All the questionnaires were prepared by the authors and analyzed by a statistician. Interviews with patients were conducted by a health professional who was not part of the surgical team to avoid possible emotional stress bias.
Demarcation of the Breasts
Preoperative markings were performed with the patient in a sitting position, with the back straight, and without premedication. Point A was marked as the upper limit of the areola about 8 cm from the inframammary fold, and not as point (A') according to Pitanguy's technique13, and was therefore 2 cm above it. Point B was marked as the lower limit of the areola 4-6 cm above the inframammary fold. The medial boundary (point C) and lateral boundary (point D) were positioned according to bidigital skin pinching; they marked the medial and lateral limits of de-epithelization to the respective edges of the areola. Point D should be nearer to the areolar edge than point C to prevent lateralization (Figure 1). Because of the subjectivity involved in such marking, the surgeon should have relevant experience.
Figure 1 - Schematic appearance of skin markings. Points A and B indicate the upper and lower limits of the areola to be repositioned. They are located 8 and 4 cm from the inframammary fold, respectively. Point A in Pitanguy's technique represents the projection of the nipple, but it was not used as a parameter. Points C and D represent the medial and lateral limits of the areola, with point D a few millimeters closer to the areola than point C, to prevent its lateralization.
The surgery was performed with the patient under general anesthesia and with local infiltration of epinephrine (1:200,000) in all the parts to be dissected and a 4.0 cmdiameter areolotome to determine the new external circular limit of the areola.
Epithelial removal was performed in the area bound by points A-D through the boundary demarcated by the areolotome (Figure 2). We then dissected and mobilized the mammary tissue in the upper quadrants in the cranial direction up to the aponeurosis of the pectoral muscle and then caudally to the level of the nipple-areolar complex (NAC) (Figure 3 and 4). The upper quadrants were exposed, with transverse resection of any excess above the NAC, along the line marked by the compass (Figure 5). In cases of inadequate resection, a new wedge-shaped resection of these quadrants on the sagittal plane was performed to complement the volume reduction (Figure 6). The aponeurosis of the pectoral muscle as well as the two upper (lateral and medial) quadrants were sutured together with increased rotation of the external quadrant by using isolated nylon 3.0 stitches, rebuilding the upper pole of the breast.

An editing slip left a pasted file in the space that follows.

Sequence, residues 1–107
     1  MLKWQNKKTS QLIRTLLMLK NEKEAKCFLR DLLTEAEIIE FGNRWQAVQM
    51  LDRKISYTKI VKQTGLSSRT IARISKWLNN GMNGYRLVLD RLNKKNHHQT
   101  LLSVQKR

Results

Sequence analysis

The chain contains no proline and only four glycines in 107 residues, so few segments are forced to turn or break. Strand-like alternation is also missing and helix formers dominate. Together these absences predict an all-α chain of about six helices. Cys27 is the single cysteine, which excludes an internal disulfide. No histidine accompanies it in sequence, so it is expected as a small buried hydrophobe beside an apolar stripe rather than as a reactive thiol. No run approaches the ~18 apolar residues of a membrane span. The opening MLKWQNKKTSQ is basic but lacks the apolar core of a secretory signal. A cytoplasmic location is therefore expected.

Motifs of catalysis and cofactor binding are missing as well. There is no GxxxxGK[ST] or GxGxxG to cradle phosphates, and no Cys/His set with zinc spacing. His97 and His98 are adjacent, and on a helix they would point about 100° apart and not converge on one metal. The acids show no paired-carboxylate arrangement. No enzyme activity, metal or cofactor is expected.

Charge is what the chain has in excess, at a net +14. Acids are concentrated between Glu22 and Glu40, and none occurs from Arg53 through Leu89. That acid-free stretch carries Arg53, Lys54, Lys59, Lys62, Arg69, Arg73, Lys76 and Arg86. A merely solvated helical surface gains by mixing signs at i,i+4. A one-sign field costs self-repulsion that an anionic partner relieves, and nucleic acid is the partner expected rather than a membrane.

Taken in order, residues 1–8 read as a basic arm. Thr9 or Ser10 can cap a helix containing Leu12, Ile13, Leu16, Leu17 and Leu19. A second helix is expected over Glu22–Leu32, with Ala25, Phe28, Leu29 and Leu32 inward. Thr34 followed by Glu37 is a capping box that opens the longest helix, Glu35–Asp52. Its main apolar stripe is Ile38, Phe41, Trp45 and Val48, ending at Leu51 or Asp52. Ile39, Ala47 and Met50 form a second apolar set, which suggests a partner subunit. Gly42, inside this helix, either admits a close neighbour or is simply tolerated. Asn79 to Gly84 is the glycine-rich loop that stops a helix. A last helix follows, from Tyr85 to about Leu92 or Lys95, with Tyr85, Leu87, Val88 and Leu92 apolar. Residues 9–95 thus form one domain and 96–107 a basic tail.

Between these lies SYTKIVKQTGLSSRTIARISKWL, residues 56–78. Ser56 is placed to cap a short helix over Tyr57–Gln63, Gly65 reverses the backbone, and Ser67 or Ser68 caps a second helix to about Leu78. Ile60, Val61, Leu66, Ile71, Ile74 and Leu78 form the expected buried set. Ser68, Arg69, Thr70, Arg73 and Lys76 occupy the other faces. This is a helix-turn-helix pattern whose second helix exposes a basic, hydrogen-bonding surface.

Figure 2 - Schematic view of the limits of skin to be de-epithelialized within points A-D and the areolar edge.
Figure 3 - Schematic sagittal cross-section of the breast. The upper quadrants are dissected with scissors at the edge of the glandular adipose tissue, up to the aponeurosis of the pectoralis major.
Figure 4 - Continued dissection with scissors by extending along the same plane of the aponeurosis of the pectoral muscle in the caudal direction to the level of the horizontal plane of the top edge of the areola.
Figure 5 - Anterior view of the dissected breast, where the resection is demarcated according to the surgeon's evaluation. One end of the compass is applied at the NAC and the other is set at the limits of the breast to resect en bloc the excesses in the upper quadrants. The resection is wedge shaped, comprising the entire thickness of the glandular adipose tissue toward the demarcated line. Then, the upper quadrants of the musculoaponeurotic plane of the pectoralis major are sutured.
Figure 6 - When the resection of the upper quadrants is insufficient, a new wedge-shaped resection in the sagittal plane is performed to reduce the volume.
The dissection limit and location of stitches determine the upper pole of the mammary tissue (Figure 7). Round-block continuous suturing was performed with nylon 3.0 stitches in the subdermal plane, preferably with a straight needle (Figure 8). Porous tape was applied directly on the whole sutured areola. Vacuum aspiration drains were used for 24-48 h. The breasts were covered with gauze and cotton. The duration of hospital stay was 24 h, and the patients were required to wear a surgical bra before discharge.
Figure 7 - Suturing performed in the sagittal plane for breast turning and conification.
Figure 8 - Final round-block suturing of the skin to the areolar edge.
In this study, a large amount of data regarding patients who underwent periareolar mastoplasty was recorded and statistically analyzed.
At the time of surgery, 48% of the patients were aged under 19 years, 52% were 20-39 years old, and 12% were 40-49 years old (Table 1).
Table 2 shows the degree of patient satisfaction with the procedure, assessed according to 3 grades (2, 1, and 0) for 5 aspects: resected volume, shape and degree of ptosis, quality of the NAC, symmetry of the breasts, and scar quality. Except for the quality of the NAC that was graded as 1, all the other aspects were mostly graded as 2.
The level of satisfaction with the decrease in breast volume was between 6 and 10 in 60% of the patients for reductions up to 300 g in each breast and 24% for reductions of 301 to 500 g, whereas 16% of the patients indicated scores lower than 6, irrespective of breast volume (Table 3).